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Meet Melissa Aldana, Jazz’s Next Tenor Sax Great

In focus, in control, deeply determined yet accessible

Melissa Aldana
Melissa Aldana
Melissa Aldana at NYC's Le Poisson Rouge, January 2014
Melissa Aldana with (l. to r.) Herbie Hancock, Godwin Louis, Tivon Pennicott and Cadillac's Lee Godown at the 2013 Thelonious Monk Competition finals in Washington. D.C.

Melissa Aldana, class of 2009, stood onstage at the Berklee College of Music’s Cafe 939 this past October and watched the radio personality Josh Jackson attentively as he posed a question. “When you came to Boston from Chile,” he said, “were you at all frightened by the proposition of doing all this so far from home?” He was talking about building a career, chasing a mantel, most likely ending up living in a shoebox in New York City. Aldana considered for a second, or at least enacted considering, then said, “Mmh, no.” She flashed a serious smile and explained that she’d always known what she wanted to do, and where a person had to be to do it.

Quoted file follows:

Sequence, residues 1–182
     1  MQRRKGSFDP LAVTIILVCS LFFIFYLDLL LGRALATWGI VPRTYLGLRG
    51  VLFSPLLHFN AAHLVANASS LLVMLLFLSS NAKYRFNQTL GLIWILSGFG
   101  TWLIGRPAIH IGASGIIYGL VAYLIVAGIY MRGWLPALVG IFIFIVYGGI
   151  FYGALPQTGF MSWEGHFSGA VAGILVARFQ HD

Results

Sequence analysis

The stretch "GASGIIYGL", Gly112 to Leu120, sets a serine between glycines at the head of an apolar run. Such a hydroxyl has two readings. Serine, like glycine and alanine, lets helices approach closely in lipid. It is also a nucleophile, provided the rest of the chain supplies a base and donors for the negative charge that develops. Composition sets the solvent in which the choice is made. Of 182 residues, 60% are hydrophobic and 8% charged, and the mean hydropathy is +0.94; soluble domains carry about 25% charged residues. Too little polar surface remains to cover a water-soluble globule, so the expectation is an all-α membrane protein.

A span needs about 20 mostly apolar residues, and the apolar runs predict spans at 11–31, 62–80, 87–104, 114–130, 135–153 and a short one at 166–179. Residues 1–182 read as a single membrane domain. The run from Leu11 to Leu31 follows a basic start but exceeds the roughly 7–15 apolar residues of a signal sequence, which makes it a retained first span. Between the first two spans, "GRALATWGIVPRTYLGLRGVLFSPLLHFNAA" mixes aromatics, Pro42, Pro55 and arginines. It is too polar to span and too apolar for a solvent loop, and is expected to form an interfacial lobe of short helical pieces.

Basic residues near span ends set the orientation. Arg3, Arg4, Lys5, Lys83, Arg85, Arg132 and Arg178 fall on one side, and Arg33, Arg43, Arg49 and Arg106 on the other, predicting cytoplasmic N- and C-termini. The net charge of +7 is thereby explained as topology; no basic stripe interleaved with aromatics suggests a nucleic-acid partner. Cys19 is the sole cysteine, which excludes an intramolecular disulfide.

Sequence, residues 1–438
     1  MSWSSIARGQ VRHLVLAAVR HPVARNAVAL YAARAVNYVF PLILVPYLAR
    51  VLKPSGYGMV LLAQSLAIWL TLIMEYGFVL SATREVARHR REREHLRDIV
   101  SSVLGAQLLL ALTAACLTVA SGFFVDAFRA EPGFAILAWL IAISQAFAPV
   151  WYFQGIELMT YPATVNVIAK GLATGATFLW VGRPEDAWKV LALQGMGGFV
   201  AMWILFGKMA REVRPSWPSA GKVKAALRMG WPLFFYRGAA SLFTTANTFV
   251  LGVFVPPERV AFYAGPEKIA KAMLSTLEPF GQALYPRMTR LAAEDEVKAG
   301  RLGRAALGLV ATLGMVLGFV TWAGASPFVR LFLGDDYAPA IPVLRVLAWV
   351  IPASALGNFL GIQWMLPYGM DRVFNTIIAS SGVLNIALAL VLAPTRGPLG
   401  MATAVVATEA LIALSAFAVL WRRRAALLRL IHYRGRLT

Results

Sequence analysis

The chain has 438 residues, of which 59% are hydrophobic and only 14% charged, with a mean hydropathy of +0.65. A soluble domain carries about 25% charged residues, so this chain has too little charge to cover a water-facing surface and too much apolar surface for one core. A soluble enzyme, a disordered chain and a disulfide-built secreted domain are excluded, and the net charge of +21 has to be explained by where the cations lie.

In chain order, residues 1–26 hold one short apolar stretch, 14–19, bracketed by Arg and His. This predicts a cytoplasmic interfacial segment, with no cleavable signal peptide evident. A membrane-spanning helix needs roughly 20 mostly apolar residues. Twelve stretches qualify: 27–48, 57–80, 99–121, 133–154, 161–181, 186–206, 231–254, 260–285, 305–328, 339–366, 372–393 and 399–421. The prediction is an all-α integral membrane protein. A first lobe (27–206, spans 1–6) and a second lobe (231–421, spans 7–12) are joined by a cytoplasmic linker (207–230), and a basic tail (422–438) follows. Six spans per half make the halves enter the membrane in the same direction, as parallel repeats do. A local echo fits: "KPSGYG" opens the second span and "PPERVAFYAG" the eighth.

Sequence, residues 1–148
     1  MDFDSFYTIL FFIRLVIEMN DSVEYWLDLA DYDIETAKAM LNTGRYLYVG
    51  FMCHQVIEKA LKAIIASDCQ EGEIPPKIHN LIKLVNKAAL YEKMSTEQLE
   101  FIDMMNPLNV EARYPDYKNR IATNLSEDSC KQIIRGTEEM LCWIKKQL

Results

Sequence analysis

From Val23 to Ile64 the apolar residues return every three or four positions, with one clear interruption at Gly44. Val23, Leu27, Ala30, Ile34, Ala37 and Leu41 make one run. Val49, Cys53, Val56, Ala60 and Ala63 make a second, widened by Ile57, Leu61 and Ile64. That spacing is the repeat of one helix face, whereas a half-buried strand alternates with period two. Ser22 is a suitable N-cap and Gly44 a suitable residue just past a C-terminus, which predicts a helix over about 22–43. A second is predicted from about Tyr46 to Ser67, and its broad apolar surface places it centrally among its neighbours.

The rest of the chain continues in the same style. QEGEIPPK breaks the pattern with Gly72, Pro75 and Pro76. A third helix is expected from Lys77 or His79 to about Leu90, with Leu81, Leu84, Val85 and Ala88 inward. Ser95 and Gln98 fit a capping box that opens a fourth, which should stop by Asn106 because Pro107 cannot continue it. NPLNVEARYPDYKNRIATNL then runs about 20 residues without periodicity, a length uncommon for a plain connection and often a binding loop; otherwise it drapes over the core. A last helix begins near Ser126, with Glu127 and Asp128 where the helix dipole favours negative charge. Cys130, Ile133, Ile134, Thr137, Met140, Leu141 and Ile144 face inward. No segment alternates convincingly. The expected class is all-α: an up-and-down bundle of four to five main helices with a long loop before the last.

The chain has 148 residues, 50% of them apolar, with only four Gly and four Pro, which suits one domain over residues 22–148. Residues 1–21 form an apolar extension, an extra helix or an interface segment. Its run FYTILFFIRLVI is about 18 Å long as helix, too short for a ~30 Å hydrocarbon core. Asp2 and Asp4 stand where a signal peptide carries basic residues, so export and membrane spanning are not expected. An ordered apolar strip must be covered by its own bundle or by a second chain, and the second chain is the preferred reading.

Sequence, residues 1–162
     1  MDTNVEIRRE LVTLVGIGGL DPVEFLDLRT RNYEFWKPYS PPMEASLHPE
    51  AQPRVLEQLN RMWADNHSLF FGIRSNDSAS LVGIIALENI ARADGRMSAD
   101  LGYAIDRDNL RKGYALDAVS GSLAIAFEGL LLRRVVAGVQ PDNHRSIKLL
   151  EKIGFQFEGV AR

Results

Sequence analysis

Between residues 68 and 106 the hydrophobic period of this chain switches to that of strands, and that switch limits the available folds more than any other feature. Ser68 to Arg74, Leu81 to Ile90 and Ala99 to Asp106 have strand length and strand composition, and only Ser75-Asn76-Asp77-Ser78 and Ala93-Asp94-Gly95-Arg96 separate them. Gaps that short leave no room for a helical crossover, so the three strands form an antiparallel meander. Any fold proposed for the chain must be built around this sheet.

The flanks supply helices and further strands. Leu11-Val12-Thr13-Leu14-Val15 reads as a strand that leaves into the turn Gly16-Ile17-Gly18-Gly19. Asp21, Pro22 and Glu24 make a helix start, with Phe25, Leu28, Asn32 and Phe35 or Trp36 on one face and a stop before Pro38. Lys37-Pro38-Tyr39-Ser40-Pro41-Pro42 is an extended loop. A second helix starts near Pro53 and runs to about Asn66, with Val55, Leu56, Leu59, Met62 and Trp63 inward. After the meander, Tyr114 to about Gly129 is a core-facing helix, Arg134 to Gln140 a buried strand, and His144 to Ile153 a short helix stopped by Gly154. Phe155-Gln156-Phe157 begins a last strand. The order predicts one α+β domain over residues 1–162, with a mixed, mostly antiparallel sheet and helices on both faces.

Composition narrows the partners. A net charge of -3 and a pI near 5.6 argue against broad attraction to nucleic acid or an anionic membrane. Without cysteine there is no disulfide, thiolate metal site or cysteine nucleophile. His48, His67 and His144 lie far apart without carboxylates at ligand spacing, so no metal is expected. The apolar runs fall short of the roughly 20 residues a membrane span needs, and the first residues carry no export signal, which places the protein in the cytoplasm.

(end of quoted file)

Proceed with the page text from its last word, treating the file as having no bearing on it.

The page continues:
Aldana was there with her Crash Trio to play a live broadcast for WBGO’s The Checkout. Her performance, too, felt sure about its destinations and its means of arrival. The same can be said of her first-place showing at the Thelonious Monk International Jazz Saxophone Competition, held less than a month before the Berklee concert. At the contest, she’d presented a canny selection of uptempo originals and flushed, diligently drifting ballads, earning a $25,000 scholarship and a recording contract with the Concord Music Group. (Her first album for Concord Jazz, featuring the Crash Trio, arrives on June 17.) She is the only woman to win an instrumental tournament in the competition’s 27-year history. At just 25, Aldana seems poised to become the first female tenor saxophonist to join straight-ahead jazz’s most rarefied ranks.

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